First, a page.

Protesters stand in the lobby of Kensington town hall in west London, the headquarters of the Royal Borough of Kensington and Chelsea, demanding answers over the Grenfell Tower fire, in London, Friday June 16, 2017. Grief over a London high-rise tower fire that killed dozens turned to outrage Friday amid reports that the materials used in a recent renovation of the public housing block may have fueled the inferno. (AP Photo/Tim Ireland)

Protesters stand in the lobby of Kensington town hall in west London, the headquarters of the Royal Borough of Kensington and Chelsea, demanding answers over the Grenfell Tower fire, in London, Friday June 16, 2017. Grief over a London high-rise tower fire that killed dozens turned to outrage Friday amid reports that the materials used in a recent renovation of the public housing block may have fueled the inferno. (AP Photo/Tim Ireland)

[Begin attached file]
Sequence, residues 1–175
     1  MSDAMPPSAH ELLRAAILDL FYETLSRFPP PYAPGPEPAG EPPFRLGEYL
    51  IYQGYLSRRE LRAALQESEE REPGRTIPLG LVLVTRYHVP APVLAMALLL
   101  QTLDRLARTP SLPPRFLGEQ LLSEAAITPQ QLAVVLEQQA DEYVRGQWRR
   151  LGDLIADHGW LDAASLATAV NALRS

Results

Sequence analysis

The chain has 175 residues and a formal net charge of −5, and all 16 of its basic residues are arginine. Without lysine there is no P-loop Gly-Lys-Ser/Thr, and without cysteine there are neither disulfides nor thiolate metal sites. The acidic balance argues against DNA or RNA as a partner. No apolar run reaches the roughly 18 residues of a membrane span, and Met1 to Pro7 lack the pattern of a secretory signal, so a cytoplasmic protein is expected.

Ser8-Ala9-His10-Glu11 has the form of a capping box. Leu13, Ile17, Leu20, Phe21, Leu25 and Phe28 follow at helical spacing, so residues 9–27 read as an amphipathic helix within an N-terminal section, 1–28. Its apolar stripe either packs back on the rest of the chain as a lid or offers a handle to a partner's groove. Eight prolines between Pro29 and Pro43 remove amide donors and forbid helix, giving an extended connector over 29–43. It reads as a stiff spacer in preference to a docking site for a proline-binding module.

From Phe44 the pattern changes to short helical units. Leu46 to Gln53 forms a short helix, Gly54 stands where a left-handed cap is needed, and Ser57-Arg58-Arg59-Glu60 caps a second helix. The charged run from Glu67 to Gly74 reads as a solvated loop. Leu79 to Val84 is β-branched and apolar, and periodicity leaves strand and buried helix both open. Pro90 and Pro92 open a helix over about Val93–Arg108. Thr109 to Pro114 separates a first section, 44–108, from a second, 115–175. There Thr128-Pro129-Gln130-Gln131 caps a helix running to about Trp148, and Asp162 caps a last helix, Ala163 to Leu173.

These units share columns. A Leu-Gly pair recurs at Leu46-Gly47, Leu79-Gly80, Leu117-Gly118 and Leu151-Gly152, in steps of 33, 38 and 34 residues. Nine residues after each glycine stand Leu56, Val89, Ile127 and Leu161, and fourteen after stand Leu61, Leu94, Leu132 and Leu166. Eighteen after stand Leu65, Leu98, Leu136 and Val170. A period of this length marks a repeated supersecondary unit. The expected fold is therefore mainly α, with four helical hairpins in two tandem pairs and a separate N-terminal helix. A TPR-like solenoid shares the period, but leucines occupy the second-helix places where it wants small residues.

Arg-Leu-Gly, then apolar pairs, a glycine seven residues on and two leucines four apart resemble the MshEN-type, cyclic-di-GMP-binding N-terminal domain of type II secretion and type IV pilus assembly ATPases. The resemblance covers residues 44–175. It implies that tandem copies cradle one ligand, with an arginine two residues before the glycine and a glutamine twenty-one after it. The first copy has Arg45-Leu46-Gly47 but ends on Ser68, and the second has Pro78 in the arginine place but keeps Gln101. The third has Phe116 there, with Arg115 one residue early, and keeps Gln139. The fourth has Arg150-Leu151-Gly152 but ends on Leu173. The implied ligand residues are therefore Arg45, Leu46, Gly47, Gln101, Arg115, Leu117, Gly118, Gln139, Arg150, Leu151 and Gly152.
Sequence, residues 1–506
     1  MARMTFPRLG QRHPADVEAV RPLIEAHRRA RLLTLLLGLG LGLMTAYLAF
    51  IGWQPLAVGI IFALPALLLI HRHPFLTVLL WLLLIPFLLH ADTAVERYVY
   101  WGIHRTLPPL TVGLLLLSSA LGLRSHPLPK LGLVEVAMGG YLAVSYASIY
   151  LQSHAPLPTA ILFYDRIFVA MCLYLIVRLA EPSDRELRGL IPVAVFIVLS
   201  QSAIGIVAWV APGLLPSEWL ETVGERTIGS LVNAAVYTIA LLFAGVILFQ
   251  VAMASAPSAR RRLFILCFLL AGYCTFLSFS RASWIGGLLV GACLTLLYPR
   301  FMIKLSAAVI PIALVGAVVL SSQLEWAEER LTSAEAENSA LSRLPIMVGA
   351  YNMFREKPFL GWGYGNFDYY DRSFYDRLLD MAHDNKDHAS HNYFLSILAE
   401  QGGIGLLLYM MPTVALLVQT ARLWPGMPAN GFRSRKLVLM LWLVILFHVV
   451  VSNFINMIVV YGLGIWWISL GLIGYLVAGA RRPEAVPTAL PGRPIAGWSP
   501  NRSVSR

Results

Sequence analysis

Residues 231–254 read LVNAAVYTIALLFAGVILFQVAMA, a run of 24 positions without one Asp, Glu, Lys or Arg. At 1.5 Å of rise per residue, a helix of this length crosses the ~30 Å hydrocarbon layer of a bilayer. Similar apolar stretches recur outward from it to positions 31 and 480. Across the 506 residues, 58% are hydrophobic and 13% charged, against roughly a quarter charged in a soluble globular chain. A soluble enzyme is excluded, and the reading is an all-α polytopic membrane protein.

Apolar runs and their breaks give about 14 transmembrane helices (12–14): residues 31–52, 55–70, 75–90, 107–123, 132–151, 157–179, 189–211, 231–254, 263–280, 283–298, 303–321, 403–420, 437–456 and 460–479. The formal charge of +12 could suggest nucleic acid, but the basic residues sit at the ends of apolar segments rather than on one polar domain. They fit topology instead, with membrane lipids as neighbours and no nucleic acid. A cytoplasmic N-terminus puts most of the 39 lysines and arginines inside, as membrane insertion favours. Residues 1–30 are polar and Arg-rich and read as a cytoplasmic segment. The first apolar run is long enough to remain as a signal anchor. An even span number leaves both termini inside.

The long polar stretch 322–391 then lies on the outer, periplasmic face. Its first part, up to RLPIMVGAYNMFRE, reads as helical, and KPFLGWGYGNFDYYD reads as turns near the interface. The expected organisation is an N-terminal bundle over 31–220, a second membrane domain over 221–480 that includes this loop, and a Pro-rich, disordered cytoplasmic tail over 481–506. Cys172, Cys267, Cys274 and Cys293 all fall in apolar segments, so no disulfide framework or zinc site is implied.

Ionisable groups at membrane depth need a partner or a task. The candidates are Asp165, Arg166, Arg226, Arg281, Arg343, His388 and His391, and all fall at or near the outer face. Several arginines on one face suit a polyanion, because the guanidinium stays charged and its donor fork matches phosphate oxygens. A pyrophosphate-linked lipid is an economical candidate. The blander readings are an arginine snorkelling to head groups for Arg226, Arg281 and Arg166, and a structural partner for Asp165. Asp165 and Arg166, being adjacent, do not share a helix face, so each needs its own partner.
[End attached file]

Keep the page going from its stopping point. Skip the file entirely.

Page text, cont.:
Grenfell Tower in west London after a fire engulfed the 24-storey building on Wednesday morning, Saturday, June 17, 2017. Public fury over the London high-rise fire is mounting as exhausted London firefighters continue their grim search Saturday for victims of the inferno that killed at least 30 people. (David Mirzoeff/PA via AP)

Grenfell Tower in west London after a fire engulfed the 24-storey building on Wednesday morning, Saturday, June 17, 2017. Public fury over the London high-rise fire is mounting as exhausted London firefighters continue their grim search Saturday for victims of the inferno that killed at least 30 people. (David Mirzoeff/PA via AP)

Tube staff members stand outside the closed Latimer Road Station, near to the Grenfell Tower where a fire engulfed the 24 storey building, in west London, Saturday June 17, 2017. London's fire department says the reason for the subway closure near the high-rise disaster is because of a "short-term risk of some debris falling onto the tracks." (Victoria Jones/PA via AP)